Those include slowing down and doing your research. As with any job search, networking helps. “If someone is thinking about working somewhere, it’s a good thing to look at their professional networks, see if they know anyone who works there, and get a feel for whether it would be a place that would be supportive of the work-life balance that they’re trying to achieve,” says Harwin.
You can browse “best places to work” rankings and company review sites, but keep in mind that they don’t always present a full or accurate picture of an employer. “Any information that someone can consider is better than no information,” Harwin says, “but those rankings and reviews need to be taken with a grain of salt because they’re not always reliable.”
If you’re interviewing with a company, take note of how many people are asking you questions. If it’s more than three, Ettus warns, that may indicate the company is a bureaucracy that is vulnerable to groupthink.
It’s prudent to wait until you’ve received an actual offer before inquiring about family-friendly policies, Ettus says. And even with an offer in hand, be discreet.
“It’s totally fine to say that you’d love to talk to a couple of people that have worked in the company before, or you’d love to talk to some colleagues, and you can say things that are not direct,” Ettus says. “You can say things like, ‘Give me a sense of your day. Is the office a high-stress office, or what’s the culture like?'” If you learn that leaders in a company are known for placing little value on their personal lives, that may indicate that they won’t place much on yours, either.
There’s also research you can do without saying a word. When visiting your prospective employer’s office, keep your eyes peeled for game areas and gyms. Those perks are “code for ‘You can also hang out here. You don’t ever have to leave,'” Ettus says. “I always say, if a working parent sees a pingpong table at an office, they should run the other direction.”
Perusing policies in a company’s employee handbook can also prove illuminating. Harwin notes that her law firm allows attorneys to work from home one day a week. “The policies that are already on the books that may provide for some flexibility are a helpful indication as to whether this is a workplace with the kind of culture that you want to be a part of,” she says. “It may be a red flag if an employer is not willing to provide you with information on what their basic policies are before you come on board.”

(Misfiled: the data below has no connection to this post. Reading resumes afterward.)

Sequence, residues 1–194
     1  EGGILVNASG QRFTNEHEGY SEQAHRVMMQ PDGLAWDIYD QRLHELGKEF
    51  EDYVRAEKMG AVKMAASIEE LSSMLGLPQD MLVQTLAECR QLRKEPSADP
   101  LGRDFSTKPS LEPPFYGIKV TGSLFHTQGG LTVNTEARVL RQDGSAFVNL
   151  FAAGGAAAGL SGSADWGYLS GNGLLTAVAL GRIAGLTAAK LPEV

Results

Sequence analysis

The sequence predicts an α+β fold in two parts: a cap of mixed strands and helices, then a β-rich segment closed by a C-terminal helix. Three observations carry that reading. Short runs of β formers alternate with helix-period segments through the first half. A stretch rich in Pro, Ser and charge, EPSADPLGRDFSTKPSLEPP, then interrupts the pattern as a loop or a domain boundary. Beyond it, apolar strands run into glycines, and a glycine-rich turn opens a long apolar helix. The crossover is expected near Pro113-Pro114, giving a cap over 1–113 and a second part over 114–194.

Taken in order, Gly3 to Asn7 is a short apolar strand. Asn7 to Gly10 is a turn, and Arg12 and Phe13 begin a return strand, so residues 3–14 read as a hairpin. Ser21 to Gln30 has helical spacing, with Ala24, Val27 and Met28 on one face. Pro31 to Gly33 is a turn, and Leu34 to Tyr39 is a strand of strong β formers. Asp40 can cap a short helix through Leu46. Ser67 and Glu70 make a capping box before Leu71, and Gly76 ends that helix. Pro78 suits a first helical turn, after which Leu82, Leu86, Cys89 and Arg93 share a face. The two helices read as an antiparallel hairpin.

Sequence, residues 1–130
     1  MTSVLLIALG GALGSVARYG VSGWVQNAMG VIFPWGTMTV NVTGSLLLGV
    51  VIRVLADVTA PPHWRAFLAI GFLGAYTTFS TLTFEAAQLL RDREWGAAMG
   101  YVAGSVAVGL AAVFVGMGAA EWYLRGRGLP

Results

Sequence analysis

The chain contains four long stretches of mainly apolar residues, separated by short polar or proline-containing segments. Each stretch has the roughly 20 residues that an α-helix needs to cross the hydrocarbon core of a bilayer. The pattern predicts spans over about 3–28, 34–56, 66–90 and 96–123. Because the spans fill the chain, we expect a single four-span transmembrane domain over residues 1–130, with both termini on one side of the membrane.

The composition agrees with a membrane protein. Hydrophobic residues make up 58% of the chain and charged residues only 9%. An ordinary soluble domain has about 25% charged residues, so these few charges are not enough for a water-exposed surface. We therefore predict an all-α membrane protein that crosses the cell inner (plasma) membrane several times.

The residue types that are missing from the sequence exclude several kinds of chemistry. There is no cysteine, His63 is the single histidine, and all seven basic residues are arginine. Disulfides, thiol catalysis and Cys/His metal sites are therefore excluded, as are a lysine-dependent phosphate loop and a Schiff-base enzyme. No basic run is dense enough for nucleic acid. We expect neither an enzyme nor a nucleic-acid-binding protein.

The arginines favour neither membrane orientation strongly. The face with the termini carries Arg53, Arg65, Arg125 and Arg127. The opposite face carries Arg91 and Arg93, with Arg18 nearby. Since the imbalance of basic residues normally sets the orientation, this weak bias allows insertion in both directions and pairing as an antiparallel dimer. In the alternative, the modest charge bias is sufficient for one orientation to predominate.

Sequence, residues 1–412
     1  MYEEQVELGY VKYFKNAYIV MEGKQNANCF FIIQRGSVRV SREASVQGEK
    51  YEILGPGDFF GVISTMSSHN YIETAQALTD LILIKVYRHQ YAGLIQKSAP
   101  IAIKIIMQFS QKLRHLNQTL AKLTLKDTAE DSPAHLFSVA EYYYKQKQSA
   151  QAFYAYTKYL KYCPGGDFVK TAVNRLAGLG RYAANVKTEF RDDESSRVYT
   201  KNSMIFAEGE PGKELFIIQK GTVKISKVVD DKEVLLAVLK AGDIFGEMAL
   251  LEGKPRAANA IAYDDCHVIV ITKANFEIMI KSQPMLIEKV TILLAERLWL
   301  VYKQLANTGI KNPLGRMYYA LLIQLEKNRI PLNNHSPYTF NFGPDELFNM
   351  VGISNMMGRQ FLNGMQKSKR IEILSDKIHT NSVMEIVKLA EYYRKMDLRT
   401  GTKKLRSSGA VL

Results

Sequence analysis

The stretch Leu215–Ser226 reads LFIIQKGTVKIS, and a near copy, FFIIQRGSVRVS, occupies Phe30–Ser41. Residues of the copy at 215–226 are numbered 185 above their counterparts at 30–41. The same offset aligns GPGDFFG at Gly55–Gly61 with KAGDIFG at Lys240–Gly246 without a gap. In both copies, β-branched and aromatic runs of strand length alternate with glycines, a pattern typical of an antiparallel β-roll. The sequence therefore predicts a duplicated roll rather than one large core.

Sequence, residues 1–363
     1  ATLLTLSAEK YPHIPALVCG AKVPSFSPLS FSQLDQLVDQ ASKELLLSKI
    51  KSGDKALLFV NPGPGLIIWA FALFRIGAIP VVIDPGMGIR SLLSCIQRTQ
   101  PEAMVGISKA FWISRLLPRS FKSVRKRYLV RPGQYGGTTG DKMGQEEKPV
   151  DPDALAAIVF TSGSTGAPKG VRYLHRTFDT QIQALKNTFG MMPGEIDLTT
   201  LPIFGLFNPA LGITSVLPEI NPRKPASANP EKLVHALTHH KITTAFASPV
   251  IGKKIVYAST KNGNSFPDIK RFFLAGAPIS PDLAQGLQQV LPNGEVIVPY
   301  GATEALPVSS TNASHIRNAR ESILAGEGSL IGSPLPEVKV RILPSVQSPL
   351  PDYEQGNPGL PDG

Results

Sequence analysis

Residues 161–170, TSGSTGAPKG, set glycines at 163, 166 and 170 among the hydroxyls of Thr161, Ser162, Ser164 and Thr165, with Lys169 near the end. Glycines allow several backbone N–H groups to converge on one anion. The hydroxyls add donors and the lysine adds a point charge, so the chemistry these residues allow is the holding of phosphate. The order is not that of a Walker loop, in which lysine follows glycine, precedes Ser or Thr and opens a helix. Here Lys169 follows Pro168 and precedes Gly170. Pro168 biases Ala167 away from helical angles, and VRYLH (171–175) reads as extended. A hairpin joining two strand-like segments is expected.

Finally, remember to request that the family-friendly accommodations specifically promised to you be included in your offer letter. “What an offer letter does is set mutual expectations for a position,” says Harwin.
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“Often when a dispute arises between an employee and an employer, there’s some revisionist history on the part of the employer” she adds. “Having an offer letter provides a clear record about what the requirements of the position are and what the requirements of the position are not.”
And if you have made a job switch and find yourself regretting it, don’t head for the exit immediately. Ettus recommends approaching your boss with your concerns and working together to address them. Good managers, she says, “are not going to want to lose you if you’re a solid worker, so they’re going to want to find a solution with you.”
Of course, not all managers are willing to help, as Rachel, the Memphis accountant, learned when she sought support. In these circumstances, employees may decide that they have no choice but to start looking for new work. If you find yourself in such a situation, don’t beat yourself up. Long advises working parents to forgive themselves and let go of thoughts like, “I should have seen this coming,” or, “If I was smarter, this wouldn’t have happened.” Instead, apply what you’ve learned to your next job search.
Both Rachel and Al, the theater marketing director, eventually moved on to jobs that better met their needs.
“When you are working with people you enjoy, and who really care about you and your development,” Rachel says, “that just makes all the difference in the world.”
This story was originally published at washingtonpost.com. Read it here.